Texas threatens to withdraw from refugee resettlement program

Texas has threatened to withdraw from the national refugee resettlement program unless the federal government unconditionally accepts by Sept. 30 an alternative plan the state submitted that requires relocated individuals to be “fully vetted.” (PHOTO/Stuart Seeger/cc/by/2.0)

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Texas intends to withdraw from the national refugee resettlement program unless the federal government unconditionally accepts by Sept. 30 an alternative plan the state submitted that requires relocated individuals to be “fully vetted.”

State Refugee Coordinator Kara Crawford sent a letter Sept. 21 to the Office of Refugee Resettlement saying Texas would leave the program unless the federal agency adopts the state’s plan. 

Gus Reyes, executive director of the Texas Baptist Christian Life Commission, was disappointed by the development.

“We had hoped that the two sides could come to some reasonable compromise that would allow us to continue to do ministry without disruption among the refugees in our churches and in our cities,” Reyes said.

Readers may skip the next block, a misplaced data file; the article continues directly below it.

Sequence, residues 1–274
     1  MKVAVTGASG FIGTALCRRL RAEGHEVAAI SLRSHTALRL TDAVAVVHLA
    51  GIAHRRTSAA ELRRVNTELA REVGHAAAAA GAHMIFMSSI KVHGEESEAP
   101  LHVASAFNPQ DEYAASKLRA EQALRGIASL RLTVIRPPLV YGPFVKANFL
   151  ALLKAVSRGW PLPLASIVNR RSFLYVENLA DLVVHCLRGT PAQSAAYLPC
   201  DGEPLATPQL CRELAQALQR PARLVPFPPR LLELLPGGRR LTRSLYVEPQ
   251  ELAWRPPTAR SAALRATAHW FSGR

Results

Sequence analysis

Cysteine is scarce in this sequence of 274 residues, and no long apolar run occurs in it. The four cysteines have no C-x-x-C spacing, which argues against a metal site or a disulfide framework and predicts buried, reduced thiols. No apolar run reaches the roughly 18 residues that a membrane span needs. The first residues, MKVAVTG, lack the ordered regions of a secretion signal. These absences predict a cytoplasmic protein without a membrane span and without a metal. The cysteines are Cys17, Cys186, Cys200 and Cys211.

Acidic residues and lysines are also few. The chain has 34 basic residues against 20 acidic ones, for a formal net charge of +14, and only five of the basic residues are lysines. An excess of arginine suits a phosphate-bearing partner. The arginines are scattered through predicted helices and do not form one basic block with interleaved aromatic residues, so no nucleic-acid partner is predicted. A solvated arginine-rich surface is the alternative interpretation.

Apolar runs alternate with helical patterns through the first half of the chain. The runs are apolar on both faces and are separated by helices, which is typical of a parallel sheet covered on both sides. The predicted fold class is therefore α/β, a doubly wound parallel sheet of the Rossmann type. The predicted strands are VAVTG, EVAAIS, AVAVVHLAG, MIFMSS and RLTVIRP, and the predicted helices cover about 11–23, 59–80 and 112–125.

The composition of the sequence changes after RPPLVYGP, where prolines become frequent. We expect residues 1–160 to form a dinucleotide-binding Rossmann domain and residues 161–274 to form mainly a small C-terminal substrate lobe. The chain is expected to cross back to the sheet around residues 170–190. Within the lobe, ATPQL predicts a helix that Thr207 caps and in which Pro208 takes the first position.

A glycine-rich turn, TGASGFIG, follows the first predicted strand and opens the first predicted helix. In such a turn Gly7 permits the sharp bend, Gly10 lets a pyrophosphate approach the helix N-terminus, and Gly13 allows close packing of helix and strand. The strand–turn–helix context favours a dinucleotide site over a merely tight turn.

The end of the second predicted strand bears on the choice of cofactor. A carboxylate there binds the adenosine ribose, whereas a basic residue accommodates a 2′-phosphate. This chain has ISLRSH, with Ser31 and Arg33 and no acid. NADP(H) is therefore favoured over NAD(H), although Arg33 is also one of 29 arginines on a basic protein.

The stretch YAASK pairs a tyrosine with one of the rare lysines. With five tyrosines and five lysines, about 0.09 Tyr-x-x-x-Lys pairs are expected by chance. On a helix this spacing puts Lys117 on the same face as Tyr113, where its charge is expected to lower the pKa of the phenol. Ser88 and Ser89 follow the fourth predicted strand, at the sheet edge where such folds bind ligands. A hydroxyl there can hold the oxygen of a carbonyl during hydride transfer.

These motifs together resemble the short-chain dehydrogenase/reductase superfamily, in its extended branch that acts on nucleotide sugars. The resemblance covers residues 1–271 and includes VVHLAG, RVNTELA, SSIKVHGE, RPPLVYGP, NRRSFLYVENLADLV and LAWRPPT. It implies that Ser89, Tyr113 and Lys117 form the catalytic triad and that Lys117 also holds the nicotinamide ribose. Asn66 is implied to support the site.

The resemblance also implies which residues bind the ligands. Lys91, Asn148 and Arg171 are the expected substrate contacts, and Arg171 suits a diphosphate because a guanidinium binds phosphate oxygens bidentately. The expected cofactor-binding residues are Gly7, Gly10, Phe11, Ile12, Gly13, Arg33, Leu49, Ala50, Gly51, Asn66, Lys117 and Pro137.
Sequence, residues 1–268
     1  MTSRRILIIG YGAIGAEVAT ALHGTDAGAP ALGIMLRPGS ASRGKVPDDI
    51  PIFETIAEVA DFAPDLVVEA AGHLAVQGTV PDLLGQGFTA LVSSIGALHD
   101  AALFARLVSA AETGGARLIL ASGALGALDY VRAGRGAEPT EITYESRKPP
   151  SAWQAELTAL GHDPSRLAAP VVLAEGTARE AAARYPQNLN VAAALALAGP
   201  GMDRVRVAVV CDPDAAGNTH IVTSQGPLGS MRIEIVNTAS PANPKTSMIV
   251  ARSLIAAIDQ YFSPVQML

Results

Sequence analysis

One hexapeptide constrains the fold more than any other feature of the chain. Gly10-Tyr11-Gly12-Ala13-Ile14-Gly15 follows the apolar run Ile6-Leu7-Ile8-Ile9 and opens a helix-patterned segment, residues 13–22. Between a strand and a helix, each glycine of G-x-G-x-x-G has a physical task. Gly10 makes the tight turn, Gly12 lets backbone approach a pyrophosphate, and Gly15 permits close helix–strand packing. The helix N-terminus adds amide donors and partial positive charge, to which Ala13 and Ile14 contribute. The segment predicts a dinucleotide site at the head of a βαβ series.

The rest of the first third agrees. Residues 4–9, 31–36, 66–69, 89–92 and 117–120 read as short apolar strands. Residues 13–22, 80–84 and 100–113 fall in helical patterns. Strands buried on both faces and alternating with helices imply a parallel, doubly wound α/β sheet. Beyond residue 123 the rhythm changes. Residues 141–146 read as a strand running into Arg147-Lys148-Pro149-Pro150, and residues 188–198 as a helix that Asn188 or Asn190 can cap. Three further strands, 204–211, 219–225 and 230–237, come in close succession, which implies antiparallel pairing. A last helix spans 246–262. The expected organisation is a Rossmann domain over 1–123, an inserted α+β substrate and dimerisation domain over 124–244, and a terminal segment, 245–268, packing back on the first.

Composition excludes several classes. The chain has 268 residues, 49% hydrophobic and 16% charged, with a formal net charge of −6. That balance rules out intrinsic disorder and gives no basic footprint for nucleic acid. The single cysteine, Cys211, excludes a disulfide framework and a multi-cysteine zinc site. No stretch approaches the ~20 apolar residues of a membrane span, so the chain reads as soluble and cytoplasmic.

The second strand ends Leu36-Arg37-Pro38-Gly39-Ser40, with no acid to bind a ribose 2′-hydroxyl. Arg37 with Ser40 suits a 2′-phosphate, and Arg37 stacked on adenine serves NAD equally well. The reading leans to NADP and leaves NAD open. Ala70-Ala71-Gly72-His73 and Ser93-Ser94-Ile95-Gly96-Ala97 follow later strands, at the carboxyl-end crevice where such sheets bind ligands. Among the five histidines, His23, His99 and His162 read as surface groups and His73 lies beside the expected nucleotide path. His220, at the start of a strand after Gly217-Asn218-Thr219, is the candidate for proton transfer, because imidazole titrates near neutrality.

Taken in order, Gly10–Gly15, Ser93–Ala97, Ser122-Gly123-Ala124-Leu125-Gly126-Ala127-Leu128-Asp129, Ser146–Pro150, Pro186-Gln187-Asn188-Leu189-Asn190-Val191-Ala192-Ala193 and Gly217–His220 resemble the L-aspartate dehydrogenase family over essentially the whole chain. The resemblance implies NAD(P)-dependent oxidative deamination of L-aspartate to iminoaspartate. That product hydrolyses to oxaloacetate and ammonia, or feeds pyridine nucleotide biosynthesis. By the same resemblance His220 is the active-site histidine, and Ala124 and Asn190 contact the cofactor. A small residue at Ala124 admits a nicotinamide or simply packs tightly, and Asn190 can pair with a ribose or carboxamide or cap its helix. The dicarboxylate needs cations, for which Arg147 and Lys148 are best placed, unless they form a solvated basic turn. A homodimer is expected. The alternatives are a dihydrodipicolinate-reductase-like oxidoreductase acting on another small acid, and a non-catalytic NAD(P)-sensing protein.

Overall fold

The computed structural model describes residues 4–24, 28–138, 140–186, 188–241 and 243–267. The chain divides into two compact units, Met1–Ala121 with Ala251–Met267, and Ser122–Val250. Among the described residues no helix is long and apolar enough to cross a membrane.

“Our primary concern is always for the vulnerable as we seek to be faithful to the biblical command to care for the strangers among us.”

The federal refugee resettlement program “is riddled with serious problems that pose a threat to our nation,” Gov. Greg Abbott said.

“Empathy must be balanced with security,” Abbott stated. “Texas has done more than its fair share in aiding refugees, accepting more refugees than any other state between October 2015 and March 2016. While many refugees pose no danger, some pose grave danger, like the Iraqi refugee with ties to ISIS who was arrested earlier this year after he plotted to set off bombs at two malls in Houston.

“Despite multiple requests by the State of Texas, the federal government lacks the capability or the will to distinguish the dangerous from the harmless, and Texas will not be an accomplice to such dereliction of duty to the American people. Therefore, Texas will withdraw from the refugee resettlement program. I strongly urge the federal government to completely overhaul a broken and flawed refugee program that increasingly risks American lives.”

Federal officials have noted refugees go through a stringent screening process that can take up to two years.

Abbott’s office announced Texas’ decision the day after President Obama pledged to accept about 110,000 refugees from around the world in 2017, a 60 percent increase over this year’s total. Texas has relocated 7,633 refugees during the current fiscal year, which ends Sept 30.


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